16. The method of claim 12, wherein the amplifying the DC estimate comprises attenuating the DC estimate to provide the DC offset.
17. The method of claim 16, wherein:
the attenuating the DC estimate further comprises inverting the DC estimate to provide the DC offset; and
wherein the combining a DC offset from the baseband signal comprises adding the DC offset to the baseband signal.
Description
CROSS-REFERENCE TO RELATED APPLICATION(S)

The present application is related to U.S. Patent Application entitled “A Calibrated DC Compensation System For A Wireless Communication Device Configured In A Zero Intermediate Frequency Architecture”, Ser. No. 09/677,975 filed concurrently herewith.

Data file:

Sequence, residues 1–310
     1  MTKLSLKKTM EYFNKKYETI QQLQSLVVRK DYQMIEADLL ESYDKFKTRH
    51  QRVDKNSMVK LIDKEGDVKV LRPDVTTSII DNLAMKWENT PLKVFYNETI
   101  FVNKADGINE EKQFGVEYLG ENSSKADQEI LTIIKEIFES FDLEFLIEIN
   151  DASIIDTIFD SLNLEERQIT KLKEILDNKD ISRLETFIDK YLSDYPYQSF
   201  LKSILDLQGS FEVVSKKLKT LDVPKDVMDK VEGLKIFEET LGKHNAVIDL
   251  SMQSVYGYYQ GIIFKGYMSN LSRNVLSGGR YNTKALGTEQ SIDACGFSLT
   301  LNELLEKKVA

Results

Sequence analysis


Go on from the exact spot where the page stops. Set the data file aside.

FIELD OF THE INVENTION

The present invention relates to wireless communications, and more particularly to a DC compensation system for a wireless communication device configured in a zero intermediate frequency (ZIF) architecture that utilizes a DC control loop to enable direct conversion of radio frequency signals to baseband frequency.

DESCRIPTION OF RELATED ART

Network communication is a growing area of technology both for business and home applications. A network system enhances communication and provides a suitable environment for enhanced productivity and capabilities both at home and in the workplace. The Internet for example, is a global, mostly wired, communication network that couples devices together on a world-wide basis that enables world-wide communication between any devices coupled to the Internet. The Internet enables access to a plurality of services, such as file sharing, faxing, chat, email and information access via websites to files, libraries, databases, computer programs, etc.